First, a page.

American biotech industry, voters support ORPHAN Cures Act

Rare Disease Week 2024 biotech research and development

The Inflation Reduction Act (IRA) exempts orphan drugs for rare diseases from price controls—but only if the drugs are approved for a single indication. The ORPHAN Cures Act—currently under consideration in the House and Senate—would fix the law, and industry and American voters overwhelmingly support it.

Orphan drugs target rare diseases. There are around 7,000 such rare diseases, but each one typically affects fewer than 200,000 people in the United States, we’ve reported.

Of the 280+ orphan drugs approved since 2003, nearly a quarter were approved for additional indications. However, while the IRA would exempt drugs developed for a single rare disease indication from price controls, drugs that are approved for two or more indications could still be subjected to the government’s price-setting structure.

“By definition, orphan drugs benefit small patient populations, making investment in this space incredibly risky. But there is tremendous need for these treatments. Fewer than 5 percent of rare diseases have [a Food and Drug Administration] approved treatment,” explained Biotechnology Innovation Organization (BIO) CEO Rachel King in September.

How the ORPHAN Cures Act could incentivize R&D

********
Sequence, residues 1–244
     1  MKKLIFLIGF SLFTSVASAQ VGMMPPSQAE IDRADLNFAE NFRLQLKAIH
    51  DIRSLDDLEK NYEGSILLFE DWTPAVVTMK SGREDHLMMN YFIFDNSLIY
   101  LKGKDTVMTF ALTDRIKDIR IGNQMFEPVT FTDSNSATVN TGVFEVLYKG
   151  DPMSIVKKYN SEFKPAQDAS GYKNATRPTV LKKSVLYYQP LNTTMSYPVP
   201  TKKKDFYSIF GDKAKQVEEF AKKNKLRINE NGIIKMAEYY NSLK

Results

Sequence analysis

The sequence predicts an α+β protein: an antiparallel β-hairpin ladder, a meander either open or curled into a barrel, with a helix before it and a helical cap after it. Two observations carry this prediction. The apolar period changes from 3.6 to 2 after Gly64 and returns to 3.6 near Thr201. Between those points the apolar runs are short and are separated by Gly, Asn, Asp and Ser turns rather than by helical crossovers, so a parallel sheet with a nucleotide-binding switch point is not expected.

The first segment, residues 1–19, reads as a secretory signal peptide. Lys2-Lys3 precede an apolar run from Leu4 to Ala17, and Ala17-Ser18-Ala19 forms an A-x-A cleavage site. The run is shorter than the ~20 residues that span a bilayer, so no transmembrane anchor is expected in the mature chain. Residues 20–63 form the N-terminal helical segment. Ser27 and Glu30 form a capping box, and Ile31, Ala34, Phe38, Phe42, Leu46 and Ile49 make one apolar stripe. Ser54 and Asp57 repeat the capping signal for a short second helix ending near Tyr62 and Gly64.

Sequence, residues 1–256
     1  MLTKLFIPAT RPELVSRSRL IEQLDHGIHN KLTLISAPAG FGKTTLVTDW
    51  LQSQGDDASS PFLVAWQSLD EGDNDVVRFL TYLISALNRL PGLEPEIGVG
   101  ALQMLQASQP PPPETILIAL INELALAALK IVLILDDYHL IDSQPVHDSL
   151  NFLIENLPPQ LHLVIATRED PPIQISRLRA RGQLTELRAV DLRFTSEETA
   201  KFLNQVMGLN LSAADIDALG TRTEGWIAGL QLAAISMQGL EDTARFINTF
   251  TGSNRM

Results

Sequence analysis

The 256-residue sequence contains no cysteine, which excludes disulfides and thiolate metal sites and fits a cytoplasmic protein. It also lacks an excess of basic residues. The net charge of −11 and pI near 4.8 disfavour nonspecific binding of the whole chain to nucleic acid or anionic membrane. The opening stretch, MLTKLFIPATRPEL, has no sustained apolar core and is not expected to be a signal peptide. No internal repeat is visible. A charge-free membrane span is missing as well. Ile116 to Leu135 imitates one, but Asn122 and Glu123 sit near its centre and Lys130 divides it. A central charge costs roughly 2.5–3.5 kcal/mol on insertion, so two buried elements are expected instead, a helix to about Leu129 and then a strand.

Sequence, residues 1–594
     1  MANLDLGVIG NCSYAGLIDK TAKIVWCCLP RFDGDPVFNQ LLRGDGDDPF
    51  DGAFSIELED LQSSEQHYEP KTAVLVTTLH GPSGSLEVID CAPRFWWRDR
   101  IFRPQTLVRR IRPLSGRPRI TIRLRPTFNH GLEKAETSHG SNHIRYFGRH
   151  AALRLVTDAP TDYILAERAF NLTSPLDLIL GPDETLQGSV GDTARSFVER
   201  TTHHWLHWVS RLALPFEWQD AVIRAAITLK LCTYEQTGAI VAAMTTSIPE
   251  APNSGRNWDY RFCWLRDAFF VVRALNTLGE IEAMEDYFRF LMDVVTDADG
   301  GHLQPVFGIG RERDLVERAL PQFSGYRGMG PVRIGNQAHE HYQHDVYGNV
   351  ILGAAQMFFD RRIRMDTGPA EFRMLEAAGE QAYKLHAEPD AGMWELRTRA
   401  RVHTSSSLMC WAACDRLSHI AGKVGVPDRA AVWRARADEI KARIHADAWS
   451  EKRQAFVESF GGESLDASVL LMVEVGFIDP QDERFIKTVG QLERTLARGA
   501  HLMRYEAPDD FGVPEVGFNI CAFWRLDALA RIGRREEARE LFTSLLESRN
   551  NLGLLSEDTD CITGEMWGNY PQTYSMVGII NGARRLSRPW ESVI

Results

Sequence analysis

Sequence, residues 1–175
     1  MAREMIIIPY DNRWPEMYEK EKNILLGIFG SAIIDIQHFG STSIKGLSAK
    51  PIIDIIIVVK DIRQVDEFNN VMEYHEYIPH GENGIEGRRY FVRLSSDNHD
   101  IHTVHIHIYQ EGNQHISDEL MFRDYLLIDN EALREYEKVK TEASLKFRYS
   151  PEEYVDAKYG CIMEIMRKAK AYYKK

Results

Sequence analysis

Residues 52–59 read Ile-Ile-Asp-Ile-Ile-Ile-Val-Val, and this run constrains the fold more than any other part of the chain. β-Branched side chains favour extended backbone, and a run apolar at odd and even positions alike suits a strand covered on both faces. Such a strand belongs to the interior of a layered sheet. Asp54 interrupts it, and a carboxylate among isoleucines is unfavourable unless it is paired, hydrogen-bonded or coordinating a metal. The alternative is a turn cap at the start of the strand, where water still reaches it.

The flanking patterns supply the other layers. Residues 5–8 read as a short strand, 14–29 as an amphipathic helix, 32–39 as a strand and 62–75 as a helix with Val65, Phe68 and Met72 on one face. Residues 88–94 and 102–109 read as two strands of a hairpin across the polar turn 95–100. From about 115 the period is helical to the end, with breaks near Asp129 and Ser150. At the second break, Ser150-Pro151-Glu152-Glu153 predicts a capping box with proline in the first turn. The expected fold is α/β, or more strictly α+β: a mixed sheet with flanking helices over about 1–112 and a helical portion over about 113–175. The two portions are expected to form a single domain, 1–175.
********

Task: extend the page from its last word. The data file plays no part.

As we’ve reported, the Optimizing Research Progress Hope and New Cures (ORPHAN Cures) Act would change the IRA’s incentive structure to encourage follow-on development, meaning development for more than one indication.

The ORPHAN Cures Act was introduced in the House in September, and in the Senate in October. The legislation is supported by BIO, as well as the Council of State Bioscience Associations (CSBA), the coalition of state-based BIO affiliate organizations.

“If enacted, the ORPHAN Cures Act would support existing incentives and boost research into new treatments by incentivizing research in follow on indications,” said a recent CSBA letter to congressional leaders.

American voters support orphan drug R&D

American voters support the ORPHAN Cures Act and want to incentivize rare disease drug development, found a Morning Consult poll commissioned by BIO.

The poll, which sampled 1,990 registered U.S. voters between Nov. 23- 25, found 94% of voters believe rare disease R&D is important. In addition, 4 in 5 believe incentives for rare disease treatments should be a critical policy priority.

A majority of surveyed voters also support legislation, like ORPHAN Cures, to encourage rare disease development and experimentation, especially treatments for multiple indications. In fact, two-thirds of those polled want their lawmakers to vote for the bill.

“Support for government action on rare disease research is bipartisan,” says the poll. “The impact of incumbent representatives voicing support for the ORPHAN Cures Act is net-positive for Republican, independent, and Democrat voters alike.”

“Right now, 95% of rare diseases have no FDA-approved treatment. As this poll shows, Americans want lawmakers to incentivize the scientific pursuit of these much-needed treatments,” said BIO CEO Rachel King.

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